Magazine article American Heritage

Through Hirschfeld's Eyes

Magazine article American Heritage

Through Hirschfeld's Eyes

Article excerpt

They are not a particularly remarkable pair of eyes: chocolate brown, droopy-lidded, shaded by thick salt-and-pepper brows.

But what they look like doesn't matter; how they see does. They are the eyes of Ad Hirschfeld, now ninety-five, the artist whose lithe and graceful caricatures have enlivened the pages of The New York Times for more than seventy years in a unique chronicle of the American theater. Hirschfeld's eyes transform a performer so penetratingly that the individual comes to resemble the drawing rather than the other way around. And the process remains as mysterious to him now as it was when he began drawing as a child.

His life today seems to be as crammed as ever with new plans and projects. The past, he insists, is of no interest to him whatsoever. Yet his memories include the Paris of Gertrude Stein and Ernest Hemingway and the New York of the Algonquin Round Table.

Bearded, slight, and a bit bowlegged. Hirschfeld dresses in jumpsuits and wears his years lightly. He scurries about his four-story brick townhouse on New York's Upper East Side, only occasionally using the electric banister chair to ride to his top-floor studio. A confident (some friends say harrowing) driver, he cruises around Manhattan in a Cadillac Brougham and drives himself to Boston or Philadelphia to see tryouts of Broadway-bound plays. He remains an enthusiastic traveler, six months older than the airplane, who declines to fly. Widowed in 1994, when his wife of fifty-two years, the actress Dolly Haas, died of cancer, he has since married a long-time friend, the theater historian Louise Kerz.

He works seven days a week. Perched in a barber chair he bought more than a half-century ago from a now-defunct shop in the Chrysler Building, he leans over a battered drawing board for hours at a time. He has attended virtually every triumph and turkey on Broadway for seven decades, and the drawings he has made of the stars of these countless stage productions, as well as of major films, operas, and radio and television programs, may very well remain the most indelible images of them for future generations. "To be a star on Broadway is to have one's name in fights, yes, but it is also, and more significantly, to be drawn by Hirschfeld," wrote Brendan Gill, the late theater critic for The New Yorker.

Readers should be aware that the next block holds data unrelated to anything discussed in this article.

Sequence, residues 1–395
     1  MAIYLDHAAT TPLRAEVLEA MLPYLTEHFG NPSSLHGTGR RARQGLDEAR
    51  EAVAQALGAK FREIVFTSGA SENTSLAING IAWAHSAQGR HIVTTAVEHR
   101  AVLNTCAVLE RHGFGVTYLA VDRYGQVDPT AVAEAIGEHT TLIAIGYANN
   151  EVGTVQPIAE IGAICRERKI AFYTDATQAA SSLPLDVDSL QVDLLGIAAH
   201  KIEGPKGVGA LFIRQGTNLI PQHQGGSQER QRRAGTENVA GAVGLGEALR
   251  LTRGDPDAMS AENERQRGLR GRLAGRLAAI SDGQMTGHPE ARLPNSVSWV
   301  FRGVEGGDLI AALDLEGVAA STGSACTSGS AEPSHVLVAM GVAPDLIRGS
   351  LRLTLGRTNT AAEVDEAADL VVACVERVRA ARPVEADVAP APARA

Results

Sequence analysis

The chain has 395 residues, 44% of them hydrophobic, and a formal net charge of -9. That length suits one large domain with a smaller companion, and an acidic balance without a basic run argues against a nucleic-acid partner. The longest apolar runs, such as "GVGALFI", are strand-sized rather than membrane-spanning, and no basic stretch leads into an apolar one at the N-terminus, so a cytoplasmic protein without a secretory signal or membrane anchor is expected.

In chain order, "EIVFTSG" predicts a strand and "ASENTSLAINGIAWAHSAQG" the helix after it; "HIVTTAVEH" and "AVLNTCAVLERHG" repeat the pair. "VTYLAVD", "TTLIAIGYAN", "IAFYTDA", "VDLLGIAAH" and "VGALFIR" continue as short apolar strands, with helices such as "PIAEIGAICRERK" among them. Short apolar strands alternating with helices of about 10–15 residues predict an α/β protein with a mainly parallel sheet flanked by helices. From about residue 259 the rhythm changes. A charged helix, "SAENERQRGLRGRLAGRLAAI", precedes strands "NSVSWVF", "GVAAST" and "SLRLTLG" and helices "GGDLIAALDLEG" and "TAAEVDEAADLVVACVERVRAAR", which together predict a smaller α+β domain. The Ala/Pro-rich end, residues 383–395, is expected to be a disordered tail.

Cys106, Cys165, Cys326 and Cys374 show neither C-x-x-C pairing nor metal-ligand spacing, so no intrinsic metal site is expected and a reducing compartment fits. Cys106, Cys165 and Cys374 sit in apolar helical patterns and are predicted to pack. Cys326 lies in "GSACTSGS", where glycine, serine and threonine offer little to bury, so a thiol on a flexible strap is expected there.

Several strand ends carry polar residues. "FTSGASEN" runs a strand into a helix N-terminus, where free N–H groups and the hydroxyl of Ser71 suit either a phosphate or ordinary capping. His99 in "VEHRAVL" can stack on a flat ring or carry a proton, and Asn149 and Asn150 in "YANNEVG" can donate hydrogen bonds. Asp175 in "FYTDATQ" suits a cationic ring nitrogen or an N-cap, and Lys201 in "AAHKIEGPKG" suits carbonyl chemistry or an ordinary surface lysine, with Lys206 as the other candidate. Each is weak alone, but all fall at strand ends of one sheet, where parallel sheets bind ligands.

Hirschfeld readily acknowledges his artistic indebtedness to the great Mexican caricaturist Miguel Covarrubias, with whom he shared a studio in New York during the 1920s, to the jazz Age cartoonist John Held, Jr., The New, Yorker's Al Frueh, and the Japanese graphic masters Harunobu, Utamoro, and Hokusai; and even to Javanese shadow puppets. He also credits a 1931 visit to the island of Bali for ending any interest he once had in painting and sculpture. The intense Balinese sun, he has written, "seemed to bleach out all color, leaving everything pure line." From then on, he says, his "attraction to drawing blossomed into an enduring love affair with line."

Whenever he goes to the previews of a show, he carries an eight-by-ten-inch sketchbook with a supply of pencils taped inside its cover. Sketching in the dark, he will fill about half the pad with quickly jotted drawings--" hieroglyphics" he calls them-with such enigmatic notes as "fried eggs for eyes," along with brief character, costume, and scenery descriptions. When he returns home, he studies his scribbles and blends his sketches, notes, and memory into a drawing. Although he continually strives to simplify, his style has remained remarkably consistent and instantly recognizable to generations of newspaper readers and theatergoers.

And even those only casually acquainted with his work know that ever since his daughter Nina's birth fifty-two years ago, he has subtly woven her name into most of his caricatures. Hunting for the Nina's has become a pastime for countless admirers. Once, incredibly, it inspired a sixty-thousand-dollar research project by the Army, which sought to train bomber pilots to spot camouflaged targets by having them scan rapidly flashing slides of Hirschfeld drawings for the hidden Ninas. …

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